It will help you dig down into the content that your audience is interacting with. For example, log into your business page, then into Insights, and then find the page you want to examine:
Your first view is at 40,000 feet. You get to see how many likes and visitors your Facebook page got. Then you can drill down into the products and stories that you are promoting.
Are these resources getting any attention or traction?
Next, you can examine the daily view and study the behavior of people with your posts:
You’ll want to export all this data to a spreadsheet to see who is responding to your content and how. You do this by analyzing the daily breakdown:
You can go even deeper into your reader’s brain by looking at the “Get Details” of each report:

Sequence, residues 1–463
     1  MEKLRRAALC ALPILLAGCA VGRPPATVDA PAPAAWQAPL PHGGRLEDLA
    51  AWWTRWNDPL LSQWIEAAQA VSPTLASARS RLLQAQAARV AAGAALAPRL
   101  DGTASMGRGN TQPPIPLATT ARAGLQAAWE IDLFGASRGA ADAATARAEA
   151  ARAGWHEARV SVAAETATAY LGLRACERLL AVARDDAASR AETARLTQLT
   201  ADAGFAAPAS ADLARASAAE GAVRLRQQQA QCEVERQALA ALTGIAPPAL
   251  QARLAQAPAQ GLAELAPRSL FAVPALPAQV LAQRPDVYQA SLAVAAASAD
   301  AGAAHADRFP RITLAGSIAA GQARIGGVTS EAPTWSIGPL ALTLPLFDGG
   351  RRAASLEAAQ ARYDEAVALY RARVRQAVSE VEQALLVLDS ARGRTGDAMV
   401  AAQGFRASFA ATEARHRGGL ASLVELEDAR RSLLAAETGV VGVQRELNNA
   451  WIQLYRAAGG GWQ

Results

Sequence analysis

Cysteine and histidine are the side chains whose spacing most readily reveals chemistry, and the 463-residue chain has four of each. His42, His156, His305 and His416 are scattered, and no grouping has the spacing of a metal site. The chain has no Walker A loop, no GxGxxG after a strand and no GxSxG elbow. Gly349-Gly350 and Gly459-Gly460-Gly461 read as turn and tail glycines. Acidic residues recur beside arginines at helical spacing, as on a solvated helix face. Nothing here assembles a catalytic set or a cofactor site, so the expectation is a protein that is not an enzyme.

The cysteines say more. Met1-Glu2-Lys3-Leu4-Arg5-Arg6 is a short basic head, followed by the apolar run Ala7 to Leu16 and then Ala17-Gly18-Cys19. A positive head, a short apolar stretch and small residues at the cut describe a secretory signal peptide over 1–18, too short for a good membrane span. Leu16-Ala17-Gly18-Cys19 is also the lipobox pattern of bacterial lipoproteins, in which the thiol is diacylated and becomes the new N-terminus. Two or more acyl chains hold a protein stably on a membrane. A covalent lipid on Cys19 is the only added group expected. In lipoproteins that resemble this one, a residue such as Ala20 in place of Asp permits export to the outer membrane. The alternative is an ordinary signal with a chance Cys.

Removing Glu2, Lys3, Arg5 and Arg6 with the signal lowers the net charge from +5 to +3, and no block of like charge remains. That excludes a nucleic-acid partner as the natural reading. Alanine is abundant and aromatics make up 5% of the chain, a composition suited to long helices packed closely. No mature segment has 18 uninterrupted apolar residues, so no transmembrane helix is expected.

From there, you can compare posts by unique views, comments, and referring sources, and then drill down even further into age, gender, and country:
The juicy insights are found in virality and community activity, which helps you see what is motivating people to share your content and why.
Tip #6 – Tap into Your Front Line People
Don’t forget to tap into all your employees who are on the front lines and dealing with customers every day. These people are invaluable in your research, and they will themselves have adopted the language of your audience.
- Customer Service Reps – Sit down with a handful of CS reps and record their conversation. Ask them what people are saying and how they are saying it.
- Sales Reps – What sort of feedback can they give you about the current words you are using online? Do they have suggestions for what resonates with the audience?
- Retail Reps – Ask the people who work the floors of your brick-and-mortar stores what people are saying. Can you pick up on popular phrases?